### Author Topic: Three intersecting parabolas  (Read 3040 times)

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#### ZippyDee

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• Why not zoidberg? ##### Three intersecting parabolas
« on: May 03, 2012, 08:01:19 pm »
I've been thinking about this all day and I can't figure it out...

Say you have three known points p0, p1, and p2. Each of these points serves as the focus of a parabola, and all three parabolas share a single line at y=d as their directrix. Assume that d is such that all three parabolas open in the same direction, and assume that the three foci do NOT all lie on a single line parallel to the directrix.

So the idea is to solve for value of d that makes all three parabolas intersect at a single point. There should only be one value that makes this true.

Basically, so far I've got quite a bit conceptually figured out in terms of what needs to happen...but I don't really know how to make it happen.

Here's kinda what I have:

The intersection point(s) of two parabolas (zn)can be calculated fairly easily:
z0=a0x2+b0x+c0
z1=a1x2+b1x+c1

Find the quadratic equation that is the difference of the two, and set it equal to zero:
0=(a0-a1)x2+(b0-b1)x+(c0-c1)
Use the quadratic formula to find the zeros:
x=(-(b0-b1)±√((b0-b1)2-4(a0-a1)(c0-c1)))/2(a0-a1)

A parabola can also be written as (x-h)2=4p(y-k), where (h,k) is the vertex of the parabola, (h,k+p) is the focus, and the directrix lies at y=k-p
With a focal point F and a directrix at y=d, all other necessary variables can be calculated as follows:
p=(Fy-d)/2
h=Fx
k=Fy-p
a=1/4p
b=-h/2p
c=h2/4p+k

Through this, all variables can be simplified down to only use F and d:
a=1/2(Fy-d)
b=-Fx/(Fy-d)
c=Fx2/2(Fy-d)+Fy-(Fy-d)/2[/tt]

So you could technically write out the equation of a parabola as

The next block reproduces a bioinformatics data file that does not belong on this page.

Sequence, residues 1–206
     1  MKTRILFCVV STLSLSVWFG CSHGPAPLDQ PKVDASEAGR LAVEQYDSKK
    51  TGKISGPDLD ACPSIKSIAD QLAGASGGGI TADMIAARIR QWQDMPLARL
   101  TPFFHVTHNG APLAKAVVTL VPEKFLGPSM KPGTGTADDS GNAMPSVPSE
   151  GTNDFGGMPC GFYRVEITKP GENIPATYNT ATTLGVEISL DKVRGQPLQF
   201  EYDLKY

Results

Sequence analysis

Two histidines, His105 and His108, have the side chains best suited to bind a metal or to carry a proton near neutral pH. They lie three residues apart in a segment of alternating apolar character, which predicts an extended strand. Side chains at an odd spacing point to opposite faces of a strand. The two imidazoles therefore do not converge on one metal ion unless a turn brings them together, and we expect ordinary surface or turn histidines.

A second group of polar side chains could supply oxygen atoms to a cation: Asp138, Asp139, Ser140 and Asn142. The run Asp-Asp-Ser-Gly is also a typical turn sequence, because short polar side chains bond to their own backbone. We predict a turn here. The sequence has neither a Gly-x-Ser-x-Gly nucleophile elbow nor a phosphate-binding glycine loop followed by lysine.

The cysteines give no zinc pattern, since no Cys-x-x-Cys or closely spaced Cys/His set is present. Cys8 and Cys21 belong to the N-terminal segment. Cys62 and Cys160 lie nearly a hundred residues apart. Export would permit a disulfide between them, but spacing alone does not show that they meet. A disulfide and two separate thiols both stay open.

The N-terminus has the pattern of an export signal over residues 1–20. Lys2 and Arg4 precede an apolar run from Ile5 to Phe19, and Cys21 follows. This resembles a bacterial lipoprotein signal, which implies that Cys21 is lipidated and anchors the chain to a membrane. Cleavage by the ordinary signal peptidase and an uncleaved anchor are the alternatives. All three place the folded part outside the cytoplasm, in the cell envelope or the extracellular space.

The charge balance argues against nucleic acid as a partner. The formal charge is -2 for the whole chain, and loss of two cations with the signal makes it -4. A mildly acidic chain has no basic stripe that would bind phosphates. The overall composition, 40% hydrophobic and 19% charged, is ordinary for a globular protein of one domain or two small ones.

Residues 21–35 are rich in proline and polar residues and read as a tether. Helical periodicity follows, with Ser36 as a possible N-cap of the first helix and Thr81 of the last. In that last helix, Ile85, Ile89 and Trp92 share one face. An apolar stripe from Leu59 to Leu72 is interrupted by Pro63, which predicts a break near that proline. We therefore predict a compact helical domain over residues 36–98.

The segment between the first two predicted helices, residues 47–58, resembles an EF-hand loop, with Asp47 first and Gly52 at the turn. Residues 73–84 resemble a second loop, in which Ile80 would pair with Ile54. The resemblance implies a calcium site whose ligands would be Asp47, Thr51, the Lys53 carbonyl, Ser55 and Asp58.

y = x2/2(Fy-d)   +   -Fxx/(Fy-d)   +   Fx2/2(Fy-d)+Fy-(Fy-d)/2

As you can see, it gets pretty hectic pretty quickly. For example, the quadratic formula would then be:
x=(Fx/(Fy-d)±√((-Fx/(Fy-d))2-(2/(Fy-d))(Fx2/2(Fy-d)+Fy-(Fy-d)/2)))/(1/(Fy-d))

Remember, this needs to be solving for d...

Really, I don't know where to go from here. Anyone have any insight?

---EDIT:
Okay, so I'm slowly figuring things out.

The equation is crazy complex, but you have to solve for the intercepts of two parabolas, then plug that quadratic formula calculation in for X in one of those equations, and set it equal to the equation for the third parabola with the quadratic formula calculation plugged in for X as well.

a2((-(b0-b1)±√((b0-b1)2-4(a0-a1)(c0-c1)))/2(a0-a1))2+b2((-(b0-b1)±√((b0-b1)2-4(a0-a1)(c0-c1)))/2(a0-a1))+c2=a0((-(b0-b1)±√((b0-b1)2-4(a0-a1)(c0-c1)))/2(a0-a1))2+b0((-(b0-b1)±√((b0-b1)2-4(a0-a1)(c0-c1)))/2(a0-a1))+c0

Looks like fun, right? Now substitute the As, Bs, and Cs with their F/d equivalents that I mentioned earlier, accounting for the fact that the Fs have to be Fnx and Fny for each variable of the corresponding n value.
« Last Edit: May 03, 2012, 10:52:08 pm by ZippyDee »
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Pushpins 'n' stuff... #### Xeda112358

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• Calc-u-lator, do doo doo do do do. ##### Re: Three intersecting parabolas
« Reply #1 on: May 03, 2012, 08:43:15 pm »
Hmm, wait, so I need to clarify.

Do all the parabolas have the same directrix?
When you say "assume that the three foci do NOT all lie on a single line parallel to the directrix," are you just saying make sure all the foci don't lie on the same line?

#### ZippyDee

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• Why not zoidberg? ##### Re: Three intersecting parabolas
« Reply #2 on: May 03, 2012, 10:17:40 pm »
Yes, they all have the same directrix. The foci can all lie on the same line, as long as that line is not parallel to the directrix.
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Pushpins 'n' stuff... #### Xeda112358

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• Calc-u-lator, do doo doo do do do. ##### Re: Three intersecting parabolas
« Reply #3 on: May 03, 2012, 10:57:18 pm »
But the directrix is constant for parabolas, so you are saying as long as the slope is non-constant?

#### ZippyDee

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• Why not zoidberg? ##### Re: Three intersecting parabolas
« Reply #4 on: May 03, 2012, 10:59:27 pm »
If the foci are all at the same y-coordinate, they will never intersect no matter what the value of d is. As long as their y-coordinates are not all the same, it is solvable.
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